The Beatles: Eight Days a Week - The Touring Years

The Beatles: Eight Days a Week - The Touring Years

The Beatles: Eight Days a Week - The Touring Years

Documentary on The Beatles' phenomenal live peak from 1962-66 and punctuated by rare and exclusive footage. Directed by Academy Award-winner Ron Howard (A Beautiful Mind, Apollo 13).

2016Rating: PG, Offensive language & drug references137 minsUK, USA
DocumentaryMusic
Director:
Ron Howard ('In the Heart of the Sea', 'Rush', 'Frost/Nixon', 'A Beautiful Mind')
Writer:
Mark Monroe
Cast:
Paul McCartneyRingo StarrJohn LennonGeorge Harrison

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Reviews & comments

Flicks, Steve Newall

Flicks, Steve Newall

flicks

By focusing on the touring years of the Beatles, director Ron Howard has found a helpful means of incorporating tons of restored footage from around the globe that captures some of the mighty charge that accompanied their riotous shows. As the film follows the fab four around the planet and through the wringer, we’re welcomely spared too much of familiar subplots - the wives, the weed, the tensions within the band itself. By the end, though, comes a realisation that the circus surrounding the Beatles is hard to put to one side, and what makes it into Howard’s film feels like a drama-free oversimplification that only tells half the tale.

3.0

Loved this!

WOW! This was fantastic! Should be compulsory viewing, young and old will enjoy. Help the younger generation understand how it all began and take the oldies on a trip down memory lane.

5.0
Variety

Variety

press

Taken on [its own] limited terms, "Eight Days a Week" plays nicely enough: the mostly uptempo Side A of a well-stocked greatest hits album, as it were.

The New York Times

The New York Times

press

90 percent familiar and a bit hagiographic as well, but just try watching it without smiling.

The Guardian

The Guardian

press

A wave of euphoria and happiness pours from the screen, and Howard's movie surfs that wave.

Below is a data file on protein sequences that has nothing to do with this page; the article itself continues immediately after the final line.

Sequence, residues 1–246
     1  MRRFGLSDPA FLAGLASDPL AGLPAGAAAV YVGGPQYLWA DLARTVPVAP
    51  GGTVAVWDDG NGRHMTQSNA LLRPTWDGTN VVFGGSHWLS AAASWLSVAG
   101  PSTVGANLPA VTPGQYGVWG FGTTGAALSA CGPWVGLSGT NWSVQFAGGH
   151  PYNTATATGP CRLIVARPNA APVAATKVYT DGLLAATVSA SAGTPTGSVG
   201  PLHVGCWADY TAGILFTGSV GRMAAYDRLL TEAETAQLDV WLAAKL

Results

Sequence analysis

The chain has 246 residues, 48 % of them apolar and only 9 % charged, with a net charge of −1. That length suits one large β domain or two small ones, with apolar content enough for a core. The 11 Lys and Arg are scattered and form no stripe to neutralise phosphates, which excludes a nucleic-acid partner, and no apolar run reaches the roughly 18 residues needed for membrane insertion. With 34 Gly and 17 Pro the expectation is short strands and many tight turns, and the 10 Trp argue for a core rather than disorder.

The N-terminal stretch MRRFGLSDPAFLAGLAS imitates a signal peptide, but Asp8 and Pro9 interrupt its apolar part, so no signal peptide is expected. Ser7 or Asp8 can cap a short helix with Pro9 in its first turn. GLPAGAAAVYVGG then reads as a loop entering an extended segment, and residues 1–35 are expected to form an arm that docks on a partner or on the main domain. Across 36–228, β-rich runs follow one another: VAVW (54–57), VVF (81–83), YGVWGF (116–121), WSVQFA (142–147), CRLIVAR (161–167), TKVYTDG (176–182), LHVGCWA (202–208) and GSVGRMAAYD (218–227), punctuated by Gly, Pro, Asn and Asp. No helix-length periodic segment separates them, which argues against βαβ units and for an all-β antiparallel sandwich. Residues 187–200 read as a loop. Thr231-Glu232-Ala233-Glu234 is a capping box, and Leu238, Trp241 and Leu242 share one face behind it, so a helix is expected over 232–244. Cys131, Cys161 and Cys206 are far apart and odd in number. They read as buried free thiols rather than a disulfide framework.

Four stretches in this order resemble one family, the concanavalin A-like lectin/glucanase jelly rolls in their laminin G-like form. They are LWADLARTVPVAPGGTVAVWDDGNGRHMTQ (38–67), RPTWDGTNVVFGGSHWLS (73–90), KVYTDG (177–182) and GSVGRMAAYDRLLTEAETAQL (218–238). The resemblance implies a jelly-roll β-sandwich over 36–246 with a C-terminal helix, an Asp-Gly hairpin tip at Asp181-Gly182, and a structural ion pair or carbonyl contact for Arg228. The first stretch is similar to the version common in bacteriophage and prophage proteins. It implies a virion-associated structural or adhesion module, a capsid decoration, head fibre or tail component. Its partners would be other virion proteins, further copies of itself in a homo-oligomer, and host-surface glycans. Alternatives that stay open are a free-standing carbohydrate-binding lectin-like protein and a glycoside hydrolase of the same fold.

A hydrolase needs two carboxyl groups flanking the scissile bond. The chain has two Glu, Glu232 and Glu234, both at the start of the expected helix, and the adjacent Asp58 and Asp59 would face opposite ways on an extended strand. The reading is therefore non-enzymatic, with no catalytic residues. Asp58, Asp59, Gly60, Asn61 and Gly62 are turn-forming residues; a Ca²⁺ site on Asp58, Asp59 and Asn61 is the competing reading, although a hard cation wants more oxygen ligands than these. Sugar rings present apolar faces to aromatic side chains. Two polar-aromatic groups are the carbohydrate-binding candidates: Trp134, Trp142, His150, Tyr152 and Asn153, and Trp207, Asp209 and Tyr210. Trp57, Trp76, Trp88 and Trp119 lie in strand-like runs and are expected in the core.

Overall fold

4.0
Stuff

Stuff

press

Not only allows the audience to hear from each of The Beatles in their words, but also get a sense of the collective cheek and charm that won them adoring fans all over the world.

5.0
Screen Daily

Screen Daily

press

This infectious piece harks back to happier, sweeter times for the Beatles and for pop music in general.

Rolling Stone

Rolling Stone

press

Ron Howard's documentary rightly keeps coming back to the music and the band's delight in making it. Good move. It truly is a joy forever.

New Zealand Herald

New Zealand Herald

press

Doesn't add much to Beatle lore, other than offering a toe-tapping two hours.

Little White Lies

Little White Lies

press

A fresh, thoughtful look at the world's favourite quartet.

Hollywood Reporter

Hollywood Reporter

press

It will make a fine entry point for younger auds who grew up with the songs but never had Beatlemania shoved down their throats.

FilmInk

FilmInk

press

A master re-telling.

Flicks, Steve Newall

Flicks, Steve Newall

flicks

By focusing on the touring years of the Beatles, director Ron Howard has found a helpful means of incorporating tons of restored footage from around the globe that captures some of the mighty charge that accompanied their riotous shows. As the film follows the fab four around the planet and through the wringer, we’re welcomely spared too much of familiar subplots - the wives, the weed, the tensions within the band itself. By the end, though, comes a realisation that the circus surrounding the Beatles is hard to put to one side, and what makes it into Howard’s film feels like a drama-free oversimplification that only tells half the tale.

3.0
Variety

Variety

press

Taken on [its own] limited terms, "Eight Days a Week" plays nicely enough: the mostly uptempo Side A of a well-stocked greatest hits album, as it were.

The New York Times

The New York Times

press

90 percent familiar and a bit hagiographic as well, but just try watching it without smiling.

The Guardian

The Guardian

press

A wave of euphoria and happiness pours from the screen, and Howard's movie surfs that wave.

4.0
Stuff

Stuff

press

Not only allows the audience to hear from each of The Beatles in their words, but also get a sense of the collective cheek and charm that won them adoring fans all over the world.

5.0
Screen Daily

Screen Daily

press

This infectious piece harks back to happier, sweeter times for the Beatles and for pop music in general.

Rolling Stone

Rolling Stone

press

Ron Howard's documentary rightly keeps coming back to the music and the band's delight in making it. Good move. It truly is a joy forever.

New Zealand Herald

New Zealand Herald

press

Doesn't add much to Beatle lore, other than offering a toe-tapping two hours.

Little White Lies

Little White Lies

press

A fresh, thoughtful look at the world's favourite quartet.

Hollywood Reporter

Hollywood Reporter

press

It will make a fine entry point for younger auds who grew up with the songs but never had Beatlemania shoved down their throats.

FilmInk

FilmInk

press

A master re-telling.

Loved this!

WOW! This was fantastic! Should be compulsory viewing, young and old will enjoy. Help the younger generation understand how it all began and take the oldies on a trip down memory lane.

5.0